Grid References O.S. Explorer map 186 Llandeilo & Brechfa Forest. Main entrances: SN632328 or SN635329, Site centre: SN631335
Tenure: Leased from the Royal Society for the Protection of Birds.
Size 25 ha (61.75 acres).
Location and Access Notes
7 miles north of Llandeilo on the B4302 beside the village of Talley. Off road parking near abbey. Footpath across private land from gate on minor road past abbey to a stile between the two lakes; not accessible for wheelchairs.
No public transport routes known.
Description: Mesotrophic/eutrophic lakes, fen, and wet woodland.
The reserve consists of two lakes lying in glacial hollows separated by a narrow neck of land. This neck of land contains a mound which is a Norman motte, scheduled by Cadw. A narrow canal allows water to flow from the upper lake to the lower, and allows the movement of fish and eels. The lower, northern lake extends for some 27 acres and exhibits a complete vegetational sequence from open water, through reedswamp to Alder and Willow carr. The lake is not easily accessible, and is thus ideal for overwintering wildfowl, breeding ducks, grebes and swans.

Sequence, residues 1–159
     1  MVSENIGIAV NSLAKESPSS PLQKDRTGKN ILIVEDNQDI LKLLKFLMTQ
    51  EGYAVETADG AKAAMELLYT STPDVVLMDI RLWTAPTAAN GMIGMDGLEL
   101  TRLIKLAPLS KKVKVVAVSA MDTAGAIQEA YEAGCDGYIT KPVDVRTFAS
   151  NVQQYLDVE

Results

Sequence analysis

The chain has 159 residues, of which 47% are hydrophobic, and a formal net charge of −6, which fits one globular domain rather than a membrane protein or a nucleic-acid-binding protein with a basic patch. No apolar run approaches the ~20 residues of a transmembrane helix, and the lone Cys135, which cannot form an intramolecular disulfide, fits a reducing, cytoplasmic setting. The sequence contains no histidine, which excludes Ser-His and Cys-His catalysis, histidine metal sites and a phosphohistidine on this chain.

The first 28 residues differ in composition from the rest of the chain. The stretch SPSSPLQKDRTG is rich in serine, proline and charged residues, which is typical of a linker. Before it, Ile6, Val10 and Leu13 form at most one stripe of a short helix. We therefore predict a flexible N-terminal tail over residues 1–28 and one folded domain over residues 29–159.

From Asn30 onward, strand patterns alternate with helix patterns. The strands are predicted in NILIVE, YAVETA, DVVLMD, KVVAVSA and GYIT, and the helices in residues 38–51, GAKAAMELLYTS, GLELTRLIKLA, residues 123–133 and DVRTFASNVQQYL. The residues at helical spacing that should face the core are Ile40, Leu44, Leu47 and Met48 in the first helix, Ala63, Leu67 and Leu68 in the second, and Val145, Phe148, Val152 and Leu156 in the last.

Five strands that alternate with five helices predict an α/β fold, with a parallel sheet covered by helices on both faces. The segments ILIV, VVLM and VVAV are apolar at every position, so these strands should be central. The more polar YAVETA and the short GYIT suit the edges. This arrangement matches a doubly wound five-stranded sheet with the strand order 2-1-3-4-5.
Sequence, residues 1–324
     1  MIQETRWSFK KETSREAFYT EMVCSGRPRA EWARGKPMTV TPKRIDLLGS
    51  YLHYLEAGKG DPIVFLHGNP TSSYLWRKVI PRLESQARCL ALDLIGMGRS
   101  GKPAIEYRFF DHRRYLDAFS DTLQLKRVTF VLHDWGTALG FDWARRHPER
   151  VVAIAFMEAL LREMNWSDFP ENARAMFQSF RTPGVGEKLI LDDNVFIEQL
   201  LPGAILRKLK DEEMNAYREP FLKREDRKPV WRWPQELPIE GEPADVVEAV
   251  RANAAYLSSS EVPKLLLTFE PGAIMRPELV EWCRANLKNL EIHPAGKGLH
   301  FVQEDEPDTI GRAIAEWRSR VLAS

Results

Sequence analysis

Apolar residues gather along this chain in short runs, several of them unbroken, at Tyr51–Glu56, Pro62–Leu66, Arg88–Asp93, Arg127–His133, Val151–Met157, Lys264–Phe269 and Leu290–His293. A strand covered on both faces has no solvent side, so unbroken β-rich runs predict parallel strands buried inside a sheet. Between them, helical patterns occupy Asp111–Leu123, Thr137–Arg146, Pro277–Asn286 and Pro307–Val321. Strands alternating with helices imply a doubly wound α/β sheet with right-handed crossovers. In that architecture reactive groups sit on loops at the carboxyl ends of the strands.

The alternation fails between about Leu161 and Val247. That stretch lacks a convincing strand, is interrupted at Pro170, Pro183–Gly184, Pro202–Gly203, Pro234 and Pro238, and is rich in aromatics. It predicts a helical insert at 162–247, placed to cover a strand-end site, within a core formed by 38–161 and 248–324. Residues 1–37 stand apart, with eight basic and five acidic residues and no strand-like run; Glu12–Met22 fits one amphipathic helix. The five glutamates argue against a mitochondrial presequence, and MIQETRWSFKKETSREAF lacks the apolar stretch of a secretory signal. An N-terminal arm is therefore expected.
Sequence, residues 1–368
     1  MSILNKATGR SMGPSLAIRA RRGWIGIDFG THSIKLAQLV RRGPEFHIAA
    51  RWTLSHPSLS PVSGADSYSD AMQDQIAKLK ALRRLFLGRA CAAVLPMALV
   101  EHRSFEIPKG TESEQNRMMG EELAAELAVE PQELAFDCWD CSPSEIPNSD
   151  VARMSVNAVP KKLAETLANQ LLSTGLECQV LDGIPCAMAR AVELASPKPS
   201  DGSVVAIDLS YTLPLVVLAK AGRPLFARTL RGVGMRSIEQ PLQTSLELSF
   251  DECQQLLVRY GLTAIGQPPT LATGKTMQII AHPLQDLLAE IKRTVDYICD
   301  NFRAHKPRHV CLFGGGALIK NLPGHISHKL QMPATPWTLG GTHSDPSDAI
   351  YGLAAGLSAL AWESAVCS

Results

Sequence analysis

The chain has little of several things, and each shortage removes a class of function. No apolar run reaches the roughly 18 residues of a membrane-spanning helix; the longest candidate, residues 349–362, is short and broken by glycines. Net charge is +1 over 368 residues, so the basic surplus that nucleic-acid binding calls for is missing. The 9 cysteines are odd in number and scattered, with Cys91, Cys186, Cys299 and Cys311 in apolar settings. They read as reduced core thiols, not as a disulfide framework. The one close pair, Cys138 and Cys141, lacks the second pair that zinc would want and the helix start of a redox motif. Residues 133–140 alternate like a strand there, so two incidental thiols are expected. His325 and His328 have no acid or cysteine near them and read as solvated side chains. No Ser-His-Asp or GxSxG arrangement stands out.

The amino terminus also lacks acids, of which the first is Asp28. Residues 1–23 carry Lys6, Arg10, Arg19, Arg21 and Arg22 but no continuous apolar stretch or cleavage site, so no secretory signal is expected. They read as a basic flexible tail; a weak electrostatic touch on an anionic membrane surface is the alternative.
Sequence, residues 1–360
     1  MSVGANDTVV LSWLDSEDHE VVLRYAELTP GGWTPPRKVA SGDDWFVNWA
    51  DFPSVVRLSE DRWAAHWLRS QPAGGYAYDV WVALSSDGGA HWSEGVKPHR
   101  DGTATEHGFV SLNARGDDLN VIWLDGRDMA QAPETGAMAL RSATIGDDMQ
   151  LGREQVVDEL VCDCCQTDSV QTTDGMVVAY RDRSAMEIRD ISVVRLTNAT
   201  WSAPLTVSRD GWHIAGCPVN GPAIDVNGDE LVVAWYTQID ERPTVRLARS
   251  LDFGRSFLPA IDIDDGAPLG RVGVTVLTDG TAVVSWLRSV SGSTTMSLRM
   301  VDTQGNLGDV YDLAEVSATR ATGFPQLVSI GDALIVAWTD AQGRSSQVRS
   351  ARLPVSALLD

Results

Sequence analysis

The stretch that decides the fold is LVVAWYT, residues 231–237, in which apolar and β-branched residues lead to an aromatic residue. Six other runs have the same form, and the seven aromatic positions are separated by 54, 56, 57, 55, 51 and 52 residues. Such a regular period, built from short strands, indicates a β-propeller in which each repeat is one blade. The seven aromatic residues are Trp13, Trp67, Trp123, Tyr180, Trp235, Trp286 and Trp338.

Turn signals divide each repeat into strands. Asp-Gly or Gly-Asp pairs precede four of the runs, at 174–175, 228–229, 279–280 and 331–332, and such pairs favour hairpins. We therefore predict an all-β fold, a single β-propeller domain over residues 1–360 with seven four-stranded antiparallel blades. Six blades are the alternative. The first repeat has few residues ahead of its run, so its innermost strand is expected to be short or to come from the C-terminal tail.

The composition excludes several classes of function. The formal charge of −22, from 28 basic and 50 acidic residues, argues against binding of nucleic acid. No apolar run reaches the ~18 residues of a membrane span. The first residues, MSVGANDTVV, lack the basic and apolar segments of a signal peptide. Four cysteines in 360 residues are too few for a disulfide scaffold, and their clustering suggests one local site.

The upper, southern lake is almost 16 acres in extent and can be seen from nearby roads. In summer the flowers and floating leaves of the Yellow and White Water Lily (7-8) are a striking feature, as is Water-crowfoot (5-9). Both Shoreweed (6-8) and Bladder Sedge still occur, which were recorded back in 1773. Water Sedge is here at its most southerly location.
The lakes were once oligotrophic but are now subject to eutrophication, causing the loss of some plants. There is a bird hide between the two lakes.
Great Crested Grebes and Mute Swans regularly breed and Tufted Duck and Pochard visit. Goldeneye and Goosanders are also winter visitors. Scarce visitors have included Red-necked Grebe, Scaup, Smew, Whooper and Bewicks Swans as well as Flycatchers in the summer.
Locally important invertebrates such as Water Beetles occur and a leaf beetle Donacia obscura. Dragonflies are well represented, including Emperor Dragonfly. Otter spraint has been recorded.